Elections

Making Sense of the Iowa Debacle

Audience members listen to Democratic presidential candidate Senator Elizabeth Warren in Davenport, Iowa, February 1, 2020. (Brian Snyder/Reuters)
Sorting the winners from the losers after the caucuses’ implosion.

Great, giant gobs of cash and a year’s worth of hard work by activists, campaigns, and candidates were flushed down the toilet last night. Technocrat reformers, in trying to “fix” the Iowa caucus, have instead probably destroyed it forever.

Democratic Party chairman Tom Perez saw fit to begin bragging about his party’s preparation for this night in the hours before it all fell apart. To hear him tell it, everything was done in the interest of transparency, fairness, and empowering the grass roots. “These changes are all about the future,” he wrote in a post that went live as the caucuses themselves kicked off. “They’re about growing our party, uniting our party, and earning the trust of committed Democrats like you.”

Hours later, the caucuses were complete, and the Democratic candidates had left Iowa clueless about who won and justifiably enraged at the DNC and rival campaigns. They bitterly accused one another of cheating. The fate of the contest was entrusted to the high-powered campaign lawyers, and we may not know the outcome for days. But that doesn’t mean we can’t try to sort the winners from the losers after this disastrous night . . .

The Winners Who Lost Something: Bernie Sanders and Pete Buttigieg. All the numbers that we did have by this morning suggested that Sanders and Buttigieg were the top two vote-getters in Iowa. But with President Trump set to have the nation’s undivided attention for his State of the Union tonight, both of them should be justly angry that all the earned media that comes from winning the Iowa caucus, especially if you weren’t expected to win, has been irretrievably destroyed by the malfunctioning result-reporting app, the volunteers who counted supporters improperly, and the general chaos of the caucus system.

The Lucky Loser: Without this debacle, Joe Biden’s apparent Iowa faceplant would be front-page news. It would quickly be linked to his weakening poll numbers in South Carolina, across Super Tuesday states, and among African-American voters. A clean Iowa loss might have been the beginning of the end for Biden’s campaign. But now he is seizing the chaos to essentially claim that the results in Iowa are unreliable and shouldn’t count against him.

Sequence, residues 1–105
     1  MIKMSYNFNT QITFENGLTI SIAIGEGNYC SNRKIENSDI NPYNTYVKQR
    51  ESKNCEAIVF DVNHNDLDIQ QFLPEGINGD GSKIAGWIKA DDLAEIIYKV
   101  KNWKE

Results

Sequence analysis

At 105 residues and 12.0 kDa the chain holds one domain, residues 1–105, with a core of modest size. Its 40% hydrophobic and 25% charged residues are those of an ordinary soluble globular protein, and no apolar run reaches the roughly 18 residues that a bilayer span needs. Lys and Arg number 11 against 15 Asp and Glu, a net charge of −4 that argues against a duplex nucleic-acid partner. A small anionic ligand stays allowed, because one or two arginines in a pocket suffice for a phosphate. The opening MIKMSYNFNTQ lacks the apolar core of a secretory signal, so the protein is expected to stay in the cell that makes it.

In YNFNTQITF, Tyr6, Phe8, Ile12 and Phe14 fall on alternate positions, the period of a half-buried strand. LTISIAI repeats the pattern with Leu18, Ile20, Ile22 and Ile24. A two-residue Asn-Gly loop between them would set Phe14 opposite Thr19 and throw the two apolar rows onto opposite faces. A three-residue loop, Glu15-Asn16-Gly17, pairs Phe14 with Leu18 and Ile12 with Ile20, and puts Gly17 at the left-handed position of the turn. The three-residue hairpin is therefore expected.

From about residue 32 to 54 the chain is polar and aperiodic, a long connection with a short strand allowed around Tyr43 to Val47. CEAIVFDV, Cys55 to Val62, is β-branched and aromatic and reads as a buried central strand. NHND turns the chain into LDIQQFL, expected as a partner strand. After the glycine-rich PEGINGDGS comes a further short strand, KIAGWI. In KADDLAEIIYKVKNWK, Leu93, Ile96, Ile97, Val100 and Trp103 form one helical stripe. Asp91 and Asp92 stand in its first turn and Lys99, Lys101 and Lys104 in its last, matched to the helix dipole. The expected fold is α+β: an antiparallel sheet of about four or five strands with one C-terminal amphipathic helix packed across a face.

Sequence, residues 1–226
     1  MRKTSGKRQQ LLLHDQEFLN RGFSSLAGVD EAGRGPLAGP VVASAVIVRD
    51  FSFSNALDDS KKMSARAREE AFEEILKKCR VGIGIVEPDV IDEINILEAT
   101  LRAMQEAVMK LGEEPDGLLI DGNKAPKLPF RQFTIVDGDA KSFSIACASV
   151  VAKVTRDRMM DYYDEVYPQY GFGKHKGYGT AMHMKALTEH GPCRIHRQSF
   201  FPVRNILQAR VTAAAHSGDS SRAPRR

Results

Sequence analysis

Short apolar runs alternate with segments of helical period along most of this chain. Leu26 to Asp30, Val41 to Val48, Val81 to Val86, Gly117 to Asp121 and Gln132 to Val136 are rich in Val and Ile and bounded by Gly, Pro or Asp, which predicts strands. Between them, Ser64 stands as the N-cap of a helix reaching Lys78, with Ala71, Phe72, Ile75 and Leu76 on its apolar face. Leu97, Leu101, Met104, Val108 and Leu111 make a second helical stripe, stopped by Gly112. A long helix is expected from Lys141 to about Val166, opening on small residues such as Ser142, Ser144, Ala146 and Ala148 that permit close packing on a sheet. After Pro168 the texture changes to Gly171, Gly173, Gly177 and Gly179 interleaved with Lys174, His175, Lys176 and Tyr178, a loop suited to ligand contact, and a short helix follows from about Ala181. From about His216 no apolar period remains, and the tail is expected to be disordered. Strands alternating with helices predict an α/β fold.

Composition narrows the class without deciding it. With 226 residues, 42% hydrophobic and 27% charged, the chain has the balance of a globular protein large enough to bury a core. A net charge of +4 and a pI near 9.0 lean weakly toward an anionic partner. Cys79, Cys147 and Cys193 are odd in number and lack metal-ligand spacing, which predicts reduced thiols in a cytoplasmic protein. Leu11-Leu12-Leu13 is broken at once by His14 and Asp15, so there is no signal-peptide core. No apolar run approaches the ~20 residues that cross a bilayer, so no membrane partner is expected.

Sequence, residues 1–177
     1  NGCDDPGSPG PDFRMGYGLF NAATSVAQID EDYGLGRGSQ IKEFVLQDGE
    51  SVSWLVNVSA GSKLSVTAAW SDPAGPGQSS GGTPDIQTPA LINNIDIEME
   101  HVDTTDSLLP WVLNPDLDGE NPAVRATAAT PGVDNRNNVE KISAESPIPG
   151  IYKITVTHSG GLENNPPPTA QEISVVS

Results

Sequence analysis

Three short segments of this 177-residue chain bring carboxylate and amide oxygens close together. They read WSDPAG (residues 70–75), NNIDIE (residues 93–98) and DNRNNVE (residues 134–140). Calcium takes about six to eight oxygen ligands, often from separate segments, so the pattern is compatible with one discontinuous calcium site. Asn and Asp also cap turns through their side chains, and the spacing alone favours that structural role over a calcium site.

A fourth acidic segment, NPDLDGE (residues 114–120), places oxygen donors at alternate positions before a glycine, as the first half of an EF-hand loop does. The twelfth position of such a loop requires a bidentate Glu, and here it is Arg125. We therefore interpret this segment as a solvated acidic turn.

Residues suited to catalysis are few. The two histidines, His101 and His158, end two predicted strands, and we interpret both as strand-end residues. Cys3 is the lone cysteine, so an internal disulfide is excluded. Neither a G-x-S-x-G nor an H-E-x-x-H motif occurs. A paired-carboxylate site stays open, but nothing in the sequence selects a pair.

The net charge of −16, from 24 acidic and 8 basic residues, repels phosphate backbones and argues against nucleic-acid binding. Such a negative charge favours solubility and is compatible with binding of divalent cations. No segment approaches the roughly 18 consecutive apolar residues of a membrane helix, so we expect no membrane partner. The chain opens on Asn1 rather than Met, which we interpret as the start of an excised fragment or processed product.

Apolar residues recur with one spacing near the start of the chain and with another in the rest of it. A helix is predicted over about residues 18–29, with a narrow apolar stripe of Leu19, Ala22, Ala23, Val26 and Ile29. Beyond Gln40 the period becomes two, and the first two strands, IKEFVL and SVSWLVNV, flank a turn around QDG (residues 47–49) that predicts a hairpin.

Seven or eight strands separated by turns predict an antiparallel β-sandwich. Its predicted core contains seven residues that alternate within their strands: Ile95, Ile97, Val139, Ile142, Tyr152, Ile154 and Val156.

A Provisional Winner: Michael Bloomberg’s decision to stay out of this spares him the embarrassment of failing in ethanol country. It also spares his campaign from being involved in the intense, ugly sniping between candidates who did contest the Hawkeye State. The more the normal Democrats look like fools participating in a mismanaged circus, the more serious Mayor Mike — with his bottomless wallet and ability to make Trump seem hot-headed — looks by comparison.

Process Winner: Instant-runoff voting. The byzantine Iowa Caucus process, with its realignments, haggling, and minimum-support thresholds, does at least in theory serve a purpose in winnowing a large field, building consensus, and granting momentum to emerging front-runners. But all of this could be accomplished by a much-simpler ranked-choice instant-runoff ballot. Making voters fill out secret ballots ranking the candidates, and then having a process of weighting second and third choices, would avoid all the mess.

The Big Loser: Democrats. The party looks massively incompetent. Turnout was much lower than expected even though this contest was taking place just days before a vote to acquit in President Trump’s Senate impeachment trial. Trump’s approval rating is higher than it’s ever been at 49 percent, and he is set to own the news tonight as he delivers his State of the Union address.

And on we go to New Hampshire.

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